- Fix it. The Brian Boggs' piece made me laugh - he basically throws away everything except the handle and the clamp screw, and he reworks the handles pretty extensively. I'm sure it's a good tool when he's done, but it surely has to be easier to get a decent #151 pattern one from Lee Valley.

Making a cap iron is very simple metalworking. The article described using a woodworking bandsaw for cutting out brass. Personally I'd not do that - hacksawing by hand is less work than cleaning brass chips out of my woodworking kit.
The only complex part was using epoxy to build up the bed of the main body part. Those who shoot target rifles will be familiar with this process.
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Excellent info, thanks. Alex
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It may be rubbish, but there's been a lot of chairs made using them (and blue handled Marples chisels too).
Just keep your tools sharp and work the wood.
FWIW, I'd send the junk back to the ebay seller and buy a complete spoke shave.

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Andy Dingley wrote:

The #53 is a decent shave. It's got the adjustable mouth (toe-piece, really), so it can be set for fine work. It was my first "favorite" shave (before I made a couple of Guntershaves and got my hands on the two Lee Valley shaves).

Yep. They've already done all the work, plus you get a nice beefy iron. They also provide you with shims for closing up the mouth.
Personally, if I had it to do over again, I'd buy the LV low-angle and #151 and pass on the other metal shaves.
Chuck Vance
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Lowell: Why I won't send it back: I didn't pay much for it; I don't trust the seller for the refund ("once burned..."), and especially not the full shipping (which was more than the tool!); I like a challenge, and Stanley is sending the parts as I type (Conan is right about that Lori--she IS good). (The seller did offer a refund, but I'm still PO'd by the way she set the auction. I won't return it, but will be honest in my feedback. I've said my piece to the seller.)
Andy: Thanks for the useful critique, and the heads up about the FWW issue. Having never used a spoke shave I'll just have to see about how much rubbish I have when/if I get it working.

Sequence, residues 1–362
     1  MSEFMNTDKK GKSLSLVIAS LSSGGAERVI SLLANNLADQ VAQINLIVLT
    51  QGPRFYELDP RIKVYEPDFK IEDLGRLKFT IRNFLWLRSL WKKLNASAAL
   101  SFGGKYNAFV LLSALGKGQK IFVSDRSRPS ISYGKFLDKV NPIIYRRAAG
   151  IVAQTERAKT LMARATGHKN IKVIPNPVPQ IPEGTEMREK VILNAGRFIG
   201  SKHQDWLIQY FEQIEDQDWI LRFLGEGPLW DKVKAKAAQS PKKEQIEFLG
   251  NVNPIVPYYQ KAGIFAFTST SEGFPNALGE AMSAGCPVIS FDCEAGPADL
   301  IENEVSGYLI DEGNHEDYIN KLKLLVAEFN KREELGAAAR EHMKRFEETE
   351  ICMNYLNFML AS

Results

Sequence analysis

Joe: Thanks for the citation info.
Tom: Thanks for the generous offer and other info.
All: I really appreciate the critical and experienced perspectives on what shaves are worth having and why. I've thought of making my own, and will probably do so in the next few weeks, but thought it would be good to try a ready-made first, thus the eBay bid; I was surprised I won. I have also thought of making my own blade(s), but don't quite have the shop space or time just yet. I'm also more interested in building a boat.
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Did you find out if they have an improved lever cap for it? And what are all the parts you ordered?
Reason I ask is I have a resource for a #51 and a #151 for cheap.
Alex
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I still think the best deal for a 'new spokeshave user' is to get one (or more) from Lee Valley. No fiddling. Just clean off the protective goop, hone the blade, and go. Oh, and you can trust the seller.
Unless what you really want to do is restore an old tool...
Patriarch
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just be sure it is the low angle one. Or better yet the wooken kit.
-- J G (thewoodworkerformerlyknownhereasspokehave)
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<snippage>

I'm willing to learn from a master. Why do you say that?
Patriarch
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"patriarch snipped-for-privacy@nospam.comcastDOTnet>" <<patriarch> wrote in message

I am but a humble deciple of the ways of the NeaderDude

Because they simplay kick ass. There is no way, NO WAY you are going to get the same quality cut from a "stanley type"spokeshave as you would from a traditional low-angle spokeshave especially on endgrain.
try it you'll like it: http://www.leevalley.com/wood/page.asp?SID=&ccurrency=2&pageD834&category=1,49601 http://www.leevalley.com/wood/page.asp?SID=&ccurrency=&pageI710&category=1,49601
-- J G NeanderShill
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I agree that the LV spkeshaves are good things. I own the Low Angle, and the pair of wooden handled jewels that Robin introduced last winter. They were also on the benches at the College of the Redwoods, when we visited the shop in February, for the winter student show. 'I' like them, but I am in NO WAY an expert in things Neander. A wanna-be neophyte, as it were.
My question was, perhaps unclear. If you were to recommend a 'starter shave' of the LV group, what would it be, and why?
BTW, your plans for a spokeshave are squirreled away on my hard drive somewhere, for a future winter evenings' project. You can always use one more good one, right?
Patriarch